- Alternate Character Interpretation: Was Rhodes a basically decent guy beaten down by life who was corrupted by fame and power? Or was he always a horrible person with some nice impulses whose real character was brought out when he got a platform to express it? There's evidence for both.
- Big-Lipped Alligator Moment: The montage showing the interconnected rise in popularity of Lonesome Rhodes and Vitajex is done in an odd impressionistic style, complete with singing and animation, in contrast to the more naturalistic tone of the rest of the film
- Jerkass Woobie: From what little we learn of Lonesome's background, it's clear he had a rotten life up until he became famous. His father was a con artist who walked out on his family when Lonesome was "knee high to a beer barrel", and his mother had a long succession of lovers whom she passed off as Lonesome's uncles, to the point that he seemed to have uncles in every town in Missouri and Arkansas.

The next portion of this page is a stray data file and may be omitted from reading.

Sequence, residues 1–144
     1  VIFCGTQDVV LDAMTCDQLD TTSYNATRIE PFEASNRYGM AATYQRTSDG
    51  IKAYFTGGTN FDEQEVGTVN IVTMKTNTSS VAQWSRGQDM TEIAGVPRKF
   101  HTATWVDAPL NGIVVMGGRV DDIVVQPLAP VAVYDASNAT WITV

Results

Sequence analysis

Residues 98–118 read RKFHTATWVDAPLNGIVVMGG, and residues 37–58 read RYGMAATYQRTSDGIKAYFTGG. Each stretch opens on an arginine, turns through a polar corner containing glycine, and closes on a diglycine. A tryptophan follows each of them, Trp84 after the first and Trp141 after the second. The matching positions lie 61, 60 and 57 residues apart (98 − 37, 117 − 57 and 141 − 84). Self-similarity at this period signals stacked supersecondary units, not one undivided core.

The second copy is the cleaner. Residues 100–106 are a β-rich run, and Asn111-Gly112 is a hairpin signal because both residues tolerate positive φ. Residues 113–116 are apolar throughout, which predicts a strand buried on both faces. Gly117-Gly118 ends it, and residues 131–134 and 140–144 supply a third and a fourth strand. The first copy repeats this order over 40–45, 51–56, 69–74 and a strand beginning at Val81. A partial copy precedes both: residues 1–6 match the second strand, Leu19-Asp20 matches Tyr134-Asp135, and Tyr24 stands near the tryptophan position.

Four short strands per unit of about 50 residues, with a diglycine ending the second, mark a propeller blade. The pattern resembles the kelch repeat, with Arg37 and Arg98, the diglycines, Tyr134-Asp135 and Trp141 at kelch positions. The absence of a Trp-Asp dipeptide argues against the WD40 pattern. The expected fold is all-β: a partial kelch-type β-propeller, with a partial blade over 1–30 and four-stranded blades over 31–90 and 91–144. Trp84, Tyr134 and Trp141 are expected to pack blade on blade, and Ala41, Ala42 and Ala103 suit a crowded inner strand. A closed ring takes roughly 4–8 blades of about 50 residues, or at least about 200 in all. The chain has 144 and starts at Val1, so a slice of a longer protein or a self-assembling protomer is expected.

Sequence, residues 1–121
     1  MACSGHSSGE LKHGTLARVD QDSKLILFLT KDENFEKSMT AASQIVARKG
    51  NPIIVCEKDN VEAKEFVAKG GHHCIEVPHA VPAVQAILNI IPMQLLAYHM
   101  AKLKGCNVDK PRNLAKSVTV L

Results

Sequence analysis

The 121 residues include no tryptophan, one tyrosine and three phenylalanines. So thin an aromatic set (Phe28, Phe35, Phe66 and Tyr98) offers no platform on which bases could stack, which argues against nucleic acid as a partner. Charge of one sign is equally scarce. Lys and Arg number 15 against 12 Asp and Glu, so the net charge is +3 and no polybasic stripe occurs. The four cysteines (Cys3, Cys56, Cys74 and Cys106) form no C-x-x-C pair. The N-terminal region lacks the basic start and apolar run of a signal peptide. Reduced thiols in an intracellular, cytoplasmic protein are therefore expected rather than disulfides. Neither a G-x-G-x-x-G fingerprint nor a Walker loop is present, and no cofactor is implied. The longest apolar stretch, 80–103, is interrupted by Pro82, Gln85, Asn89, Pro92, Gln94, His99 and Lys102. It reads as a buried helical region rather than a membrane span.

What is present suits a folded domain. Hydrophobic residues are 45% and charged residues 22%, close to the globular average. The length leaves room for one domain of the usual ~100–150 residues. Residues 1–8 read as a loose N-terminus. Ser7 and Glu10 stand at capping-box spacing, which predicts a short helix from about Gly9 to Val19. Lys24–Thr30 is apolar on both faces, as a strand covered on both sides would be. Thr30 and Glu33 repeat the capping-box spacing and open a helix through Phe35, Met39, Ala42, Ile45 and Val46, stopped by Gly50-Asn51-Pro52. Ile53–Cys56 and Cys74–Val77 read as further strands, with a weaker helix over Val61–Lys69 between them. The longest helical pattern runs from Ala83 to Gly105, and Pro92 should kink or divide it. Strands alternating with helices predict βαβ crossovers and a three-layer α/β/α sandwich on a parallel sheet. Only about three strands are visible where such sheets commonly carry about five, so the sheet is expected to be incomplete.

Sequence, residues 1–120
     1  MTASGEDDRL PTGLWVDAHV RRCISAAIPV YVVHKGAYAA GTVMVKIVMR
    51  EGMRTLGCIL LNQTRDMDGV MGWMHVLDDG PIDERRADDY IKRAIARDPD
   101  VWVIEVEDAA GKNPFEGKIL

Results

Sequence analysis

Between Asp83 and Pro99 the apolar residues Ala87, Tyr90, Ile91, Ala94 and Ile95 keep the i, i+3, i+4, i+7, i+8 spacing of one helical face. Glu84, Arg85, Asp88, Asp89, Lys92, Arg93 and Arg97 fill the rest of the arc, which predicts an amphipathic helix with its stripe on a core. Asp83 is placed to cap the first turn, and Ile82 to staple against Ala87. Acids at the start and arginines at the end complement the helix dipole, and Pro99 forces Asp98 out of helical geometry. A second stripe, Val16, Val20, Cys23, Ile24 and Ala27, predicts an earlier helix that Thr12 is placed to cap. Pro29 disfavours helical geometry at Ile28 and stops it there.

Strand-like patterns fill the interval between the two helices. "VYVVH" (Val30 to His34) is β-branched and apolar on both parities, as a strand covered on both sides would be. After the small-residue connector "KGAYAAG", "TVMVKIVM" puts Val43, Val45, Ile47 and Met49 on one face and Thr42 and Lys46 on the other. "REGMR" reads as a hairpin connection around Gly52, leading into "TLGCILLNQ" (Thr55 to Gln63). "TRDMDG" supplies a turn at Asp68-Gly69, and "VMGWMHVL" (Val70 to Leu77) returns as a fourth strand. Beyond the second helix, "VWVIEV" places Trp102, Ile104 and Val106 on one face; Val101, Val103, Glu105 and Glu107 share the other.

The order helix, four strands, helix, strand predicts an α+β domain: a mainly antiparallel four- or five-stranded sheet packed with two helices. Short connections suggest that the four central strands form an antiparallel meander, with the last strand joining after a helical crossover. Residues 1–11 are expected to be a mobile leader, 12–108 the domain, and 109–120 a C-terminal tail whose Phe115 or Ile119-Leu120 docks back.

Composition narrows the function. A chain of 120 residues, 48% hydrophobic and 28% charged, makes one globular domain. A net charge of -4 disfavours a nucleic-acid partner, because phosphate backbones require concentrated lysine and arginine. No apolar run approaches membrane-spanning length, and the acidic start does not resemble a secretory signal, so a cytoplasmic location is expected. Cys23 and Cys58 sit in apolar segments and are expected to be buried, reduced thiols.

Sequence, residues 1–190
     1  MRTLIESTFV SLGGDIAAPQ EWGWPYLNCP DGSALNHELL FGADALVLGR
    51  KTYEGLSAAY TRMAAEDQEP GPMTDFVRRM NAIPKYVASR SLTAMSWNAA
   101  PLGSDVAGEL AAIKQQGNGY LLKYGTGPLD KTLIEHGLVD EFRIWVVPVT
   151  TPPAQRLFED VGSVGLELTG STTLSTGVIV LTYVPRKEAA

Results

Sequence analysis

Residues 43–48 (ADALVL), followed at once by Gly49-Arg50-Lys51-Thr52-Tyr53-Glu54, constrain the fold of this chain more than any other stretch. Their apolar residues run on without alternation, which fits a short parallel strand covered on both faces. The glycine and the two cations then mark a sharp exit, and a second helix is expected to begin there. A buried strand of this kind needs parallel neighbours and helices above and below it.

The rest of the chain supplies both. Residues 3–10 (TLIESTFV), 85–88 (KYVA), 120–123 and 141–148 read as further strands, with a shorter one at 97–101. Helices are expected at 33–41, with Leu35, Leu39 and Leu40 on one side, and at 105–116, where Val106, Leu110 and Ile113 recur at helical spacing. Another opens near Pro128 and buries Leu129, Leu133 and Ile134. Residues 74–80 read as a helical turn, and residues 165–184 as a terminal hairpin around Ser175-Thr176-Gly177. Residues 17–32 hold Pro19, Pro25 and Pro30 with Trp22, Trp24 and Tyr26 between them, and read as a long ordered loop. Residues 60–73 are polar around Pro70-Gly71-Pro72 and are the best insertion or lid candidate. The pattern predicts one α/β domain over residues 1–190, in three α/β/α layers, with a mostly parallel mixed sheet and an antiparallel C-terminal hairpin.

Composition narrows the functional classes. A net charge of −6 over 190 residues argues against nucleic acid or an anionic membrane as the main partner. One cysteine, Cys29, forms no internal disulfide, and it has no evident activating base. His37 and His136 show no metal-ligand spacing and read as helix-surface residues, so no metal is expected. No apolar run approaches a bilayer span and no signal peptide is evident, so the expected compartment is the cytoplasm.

- Retroactive Recognition:
- As Andy Griffith's name became famous, a film of him mocking the very same warm, household stars he played as became quite notable.
- Barry Mills, the man Joey pitches to General Haynesworth as the next Lonesome Rhodes after Lonesome's downfall, is played by an uncredited Rip Torn in his feature film debut.
- Values Resonance: Let's just say the concept of a narcissist using mass media to manipulate the public never really went away after 1957.
YMMV / A Face in the Crowd